HorseTrickTraining

Title of the eBook
Horse Trick Training, How To Get Started
100% Horse Friendly Training

Author
Jain Brand

For who this book is meant
This eBook is written for  horse lovers who have never taught their horse tricks, or those who may have tried to teach their horse some simple tricks, and would like an easy step-by-step trick training program.

Number of pages
51

Price
US $7

Publisher 
Horse Tricks 101

Content
Introduction
Is this eBook Right for You (and Your Horse)?
Why Teach Your Horse Tricks?
How to Ask Your Horse to Do Anything
Trust & Training
How Long Will it Take to Teach a Trick?
When to Train – a Simple Training Schedule
Best Places to Train Your Horse
Which Trick Should You Teach Your Horse First?
Useful Tricks
Safety Comes First
What NOT to Teach Your Horse
Equipment
Rewards
Trick Training Treat ~ Molasses Oat Treats
Assignment 1
5 Steps to Teach Any Trick
Assignment 2
Recap and a WARNING
Trick Foundations
Preparing for Your First Trick
Teaching Your First Simple Trick
Assignment 3
Your Second Trick
More Ideas
Summary
What Comes Next?
Questions?

My opinion of the book
As you can conclude from reading the contents, this eBook covers all the basics of getting started with trick training your horse. The title covers what it promises, and I really appreciate that in a book.

It is an ‘easy reader’, with hardly any scientific definitions or difficult equestrian jargon. I think every horse owner can understand it. Therefor I can recommend it also to horse lovers who don’t have English as their native language.

The knowledge about how to teach your horse new behaviours is scientifically based and that makes it a valuable reference as well. It is really good hands on information.

Horse Trick Training, How To Get Started covers all the basics and it is also a book that I could recommend to a bit more experienced trick trainers. I mean people who have taught their horses a few tricks and have encountered minor difficulties or are just looking for some inspiration for new tricks (see content).

The tricks in this book are safe to begin with and easy to teach. It is an excellent start to get some experience in horse (trick) training.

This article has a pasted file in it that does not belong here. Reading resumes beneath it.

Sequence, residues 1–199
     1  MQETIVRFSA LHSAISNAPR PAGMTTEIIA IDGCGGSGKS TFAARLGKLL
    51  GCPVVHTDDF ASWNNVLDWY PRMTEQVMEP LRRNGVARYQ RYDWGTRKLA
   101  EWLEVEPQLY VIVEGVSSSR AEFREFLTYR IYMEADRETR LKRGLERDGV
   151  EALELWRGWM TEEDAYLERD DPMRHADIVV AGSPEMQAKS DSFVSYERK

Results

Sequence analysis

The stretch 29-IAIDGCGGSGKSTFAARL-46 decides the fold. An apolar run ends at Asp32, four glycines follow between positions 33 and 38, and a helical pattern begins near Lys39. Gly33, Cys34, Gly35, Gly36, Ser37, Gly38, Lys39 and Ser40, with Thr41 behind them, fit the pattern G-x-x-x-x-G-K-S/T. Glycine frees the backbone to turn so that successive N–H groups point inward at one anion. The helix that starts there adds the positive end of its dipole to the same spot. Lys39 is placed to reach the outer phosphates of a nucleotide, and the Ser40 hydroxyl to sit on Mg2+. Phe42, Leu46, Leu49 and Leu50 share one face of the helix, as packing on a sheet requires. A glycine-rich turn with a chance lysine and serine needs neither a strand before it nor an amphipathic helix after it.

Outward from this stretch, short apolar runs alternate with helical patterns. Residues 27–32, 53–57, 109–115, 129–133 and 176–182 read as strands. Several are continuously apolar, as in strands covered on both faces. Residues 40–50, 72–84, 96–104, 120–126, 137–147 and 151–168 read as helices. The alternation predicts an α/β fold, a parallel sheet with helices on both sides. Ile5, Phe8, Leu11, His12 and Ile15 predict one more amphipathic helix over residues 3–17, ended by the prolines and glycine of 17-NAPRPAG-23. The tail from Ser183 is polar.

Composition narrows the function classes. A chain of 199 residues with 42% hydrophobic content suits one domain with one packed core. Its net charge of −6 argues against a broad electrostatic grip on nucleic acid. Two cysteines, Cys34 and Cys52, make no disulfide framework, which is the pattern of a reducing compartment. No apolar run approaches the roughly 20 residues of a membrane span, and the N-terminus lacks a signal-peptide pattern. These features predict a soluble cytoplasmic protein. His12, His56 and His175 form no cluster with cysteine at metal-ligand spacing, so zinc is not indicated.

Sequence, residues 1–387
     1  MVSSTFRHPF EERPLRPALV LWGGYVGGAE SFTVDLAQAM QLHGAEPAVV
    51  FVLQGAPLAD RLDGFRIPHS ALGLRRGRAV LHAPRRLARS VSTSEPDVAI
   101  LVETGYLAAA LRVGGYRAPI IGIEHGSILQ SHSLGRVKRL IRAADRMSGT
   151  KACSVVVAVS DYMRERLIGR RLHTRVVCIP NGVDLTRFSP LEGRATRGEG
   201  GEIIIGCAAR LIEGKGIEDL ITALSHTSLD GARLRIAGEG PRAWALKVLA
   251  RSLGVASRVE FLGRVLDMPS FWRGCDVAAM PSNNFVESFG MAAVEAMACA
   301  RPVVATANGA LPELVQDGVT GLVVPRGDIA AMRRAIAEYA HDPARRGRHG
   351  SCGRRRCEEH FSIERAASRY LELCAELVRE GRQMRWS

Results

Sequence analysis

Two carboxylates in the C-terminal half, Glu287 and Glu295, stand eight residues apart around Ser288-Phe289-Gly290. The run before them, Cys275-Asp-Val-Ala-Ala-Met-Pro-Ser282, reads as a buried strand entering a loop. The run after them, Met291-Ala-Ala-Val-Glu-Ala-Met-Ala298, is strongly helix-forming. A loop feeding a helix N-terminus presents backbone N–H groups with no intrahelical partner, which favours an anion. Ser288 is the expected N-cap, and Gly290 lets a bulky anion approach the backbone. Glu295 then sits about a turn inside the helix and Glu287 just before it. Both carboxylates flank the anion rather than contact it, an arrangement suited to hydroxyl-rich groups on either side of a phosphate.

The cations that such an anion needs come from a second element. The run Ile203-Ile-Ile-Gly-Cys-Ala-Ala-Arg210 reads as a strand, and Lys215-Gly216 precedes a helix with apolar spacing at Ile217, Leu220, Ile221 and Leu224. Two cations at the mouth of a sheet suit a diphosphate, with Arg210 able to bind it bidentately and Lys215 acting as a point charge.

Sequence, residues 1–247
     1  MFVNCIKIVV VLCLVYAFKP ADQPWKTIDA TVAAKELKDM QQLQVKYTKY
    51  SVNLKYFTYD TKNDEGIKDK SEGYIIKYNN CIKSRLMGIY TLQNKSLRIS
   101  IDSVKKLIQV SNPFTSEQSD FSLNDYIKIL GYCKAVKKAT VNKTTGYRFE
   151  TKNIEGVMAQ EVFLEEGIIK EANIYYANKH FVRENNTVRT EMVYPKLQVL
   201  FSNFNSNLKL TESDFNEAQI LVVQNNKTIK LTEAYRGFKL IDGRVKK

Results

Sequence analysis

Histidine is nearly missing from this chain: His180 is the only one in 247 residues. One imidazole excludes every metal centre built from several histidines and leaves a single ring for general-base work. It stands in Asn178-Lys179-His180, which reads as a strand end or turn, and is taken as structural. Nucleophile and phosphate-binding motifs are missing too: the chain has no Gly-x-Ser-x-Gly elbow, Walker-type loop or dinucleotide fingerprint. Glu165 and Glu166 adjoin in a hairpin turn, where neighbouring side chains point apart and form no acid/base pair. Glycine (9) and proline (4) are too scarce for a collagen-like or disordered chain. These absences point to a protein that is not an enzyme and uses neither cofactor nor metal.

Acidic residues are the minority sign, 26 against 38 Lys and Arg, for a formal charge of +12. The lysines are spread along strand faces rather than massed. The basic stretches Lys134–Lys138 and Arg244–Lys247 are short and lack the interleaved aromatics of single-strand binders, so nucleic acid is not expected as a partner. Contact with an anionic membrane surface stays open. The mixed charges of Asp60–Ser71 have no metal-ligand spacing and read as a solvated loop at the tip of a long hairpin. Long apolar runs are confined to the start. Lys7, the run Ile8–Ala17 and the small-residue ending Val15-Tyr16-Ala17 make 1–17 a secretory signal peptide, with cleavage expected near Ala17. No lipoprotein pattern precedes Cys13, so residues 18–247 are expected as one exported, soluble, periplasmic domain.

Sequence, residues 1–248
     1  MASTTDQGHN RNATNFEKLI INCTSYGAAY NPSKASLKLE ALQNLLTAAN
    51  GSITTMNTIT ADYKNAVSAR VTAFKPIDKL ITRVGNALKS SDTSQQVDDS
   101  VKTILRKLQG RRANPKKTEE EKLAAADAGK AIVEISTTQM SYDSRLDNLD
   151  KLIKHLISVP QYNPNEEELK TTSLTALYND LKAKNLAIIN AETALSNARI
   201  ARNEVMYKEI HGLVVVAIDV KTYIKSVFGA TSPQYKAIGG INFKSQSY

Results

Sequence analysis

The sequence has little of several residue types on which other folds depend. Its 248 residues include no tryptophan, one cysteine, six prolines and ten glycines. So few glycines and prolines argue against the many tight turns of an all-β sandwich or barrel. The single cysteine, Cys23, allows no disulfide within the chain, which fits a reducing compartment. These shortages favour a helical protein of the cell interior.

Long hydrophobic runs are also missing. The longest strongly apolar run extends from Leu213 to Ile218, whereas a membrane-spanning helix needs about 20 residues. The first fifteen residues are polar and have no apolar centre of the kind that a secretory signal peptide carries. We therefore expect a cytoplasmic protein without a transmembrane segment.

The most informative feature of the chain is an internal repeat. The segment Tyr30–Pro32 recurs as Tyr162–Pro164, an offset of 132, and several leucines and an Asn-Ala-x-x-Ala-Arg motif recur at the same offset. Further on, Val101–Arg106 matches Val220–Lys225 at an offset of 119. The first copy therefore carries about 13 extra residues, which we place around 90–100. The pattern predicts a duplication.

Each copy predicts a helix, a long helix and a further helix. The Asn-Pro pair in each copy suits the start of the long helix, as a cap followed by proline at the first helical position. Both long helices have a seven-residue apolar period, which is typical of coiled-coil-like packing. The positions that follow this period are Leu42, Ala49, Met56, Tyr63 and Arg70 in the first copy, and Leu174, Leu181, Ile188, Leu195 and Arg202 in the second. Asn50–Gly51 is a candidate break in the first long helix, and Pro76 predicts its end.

Horse Trick Training, How To Get Started comes with easy to follow step-by-step instructions. It also contains several links to Jain’s videos and printable trick planners. The videos are helpful and educational.

Conclusion: I think it is a great book for people who want to start teaching their horse (new) tricks. The time and effort that Jain has put into getting this eBook together with all the handy printables and videos makes it a really good value for the price of $7 US.

Recommend this book?
Yes!

Where to buy this book
This eBook is only available online. Follow this link to buy the book.

UPDATE December 2017

My favourite exercise in the book is the Hug. It was so easy to train with the instructions in Jains book. Since I make pictures of all my achieved goals, I have a picture for you.

_tricktraining_horse_hug_hippologic

Is there a specific horse book you would like me to review, let me know and I will look into it.

_Kyra_en_ik_hippologicSandra Poppema, B.Sc.
My mission is to improve horse-human relationships by educating equestrians about ethical and horse friendly training. I offer online horse training courses to empower you to train your horse in a 100% animal friendly way that is FUN for both you and your horse.
Sign up for HippoLogic’s newsletter (it’s free) or visit HippoLogic’s website.

 

Horse book reviews

This year I am going to start a trial with reviewing horse (training) books on my blog. We all like reading and learning, otherwise you wouldn’t be here.

I like books and books about horse behaviour and horse training are my favourite. I always want to know before-hand if the book I am interested in, is really what I expect from it. That’s why I start by reading the table of contents contents of a book, because that will tell me so much about if it really covers what I expect from the title.

boeken_hippologic_kennis

I have read many reviews and I reviewed many animal books in my job as editor at a publishing house that was specialized in books about pets. I always appreciate an honest opinion in a review, so that is what I am going to do in mine. I will end my reviews with my personal opinion and recommendation.

Note: I don’t get paid for my opinion nor for providing links to places to purchase the books I review. The reviews are purely meant to provide information.

My book reviews will follow a specific order:

  • Title of the book
  • Author
  • For who the book is meant
  • Number of pages
  • Price
  • Publisher
  • Content
  • My personal opinion of the book
  • Recommend this book?
  • Where to buy this book

Is there a specific horse book you would like me to review, let me know and I will look into it.